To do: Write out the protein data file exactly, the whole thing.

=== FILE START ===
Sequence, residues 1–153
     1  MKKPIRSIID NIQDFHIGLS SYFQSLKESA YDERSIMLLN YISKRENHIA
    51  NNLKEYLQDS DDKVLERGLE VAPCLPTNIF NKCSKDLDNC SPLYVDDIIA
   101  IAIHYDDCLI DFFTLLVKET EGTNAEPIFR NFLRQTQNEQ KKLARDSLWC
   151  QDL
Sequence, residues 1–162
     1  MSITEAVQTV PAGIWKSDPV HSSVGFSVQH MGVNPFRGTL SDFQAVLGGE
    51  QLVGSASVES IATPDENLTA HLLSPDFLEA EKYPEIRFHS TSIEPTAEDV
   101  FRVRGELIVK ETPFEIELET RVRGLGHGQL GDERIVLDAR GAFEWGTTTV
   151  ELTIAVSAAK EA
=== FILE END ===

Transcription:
Sequence, residues 1–153
     1  MKKPIRSIID NIQDFHIGLS SYFQSLKESA YDERSIMLLN YISKRENHIA
    51  NNLKEYLQDS DDKVLERGLE VAPCLPTNIF NKCSKDLDNC SPLYVDDIIA
   101  IAIHYDDCLI DFFTLLVKET EGTNAEPIFR NFLRQTQNEQ KKLARDSLWC
   151  QDL
Sequence, residues 1–162
     1  MSITEAVQTV PAGIWKSDPV HSSVGFSVQH MGVNPFRGTL SDFQAVLGGE
    51  QLVGSASVES IATPDENLTA HLLSPDFLEA EKYPEIRFHS TSIEPTAEDV
   101  FRVRGELIVK ETPFEIELET RVRGLGHGQL GDERIVLDAR GAFEWGTTTV
   151  ELTIAVSAAK EA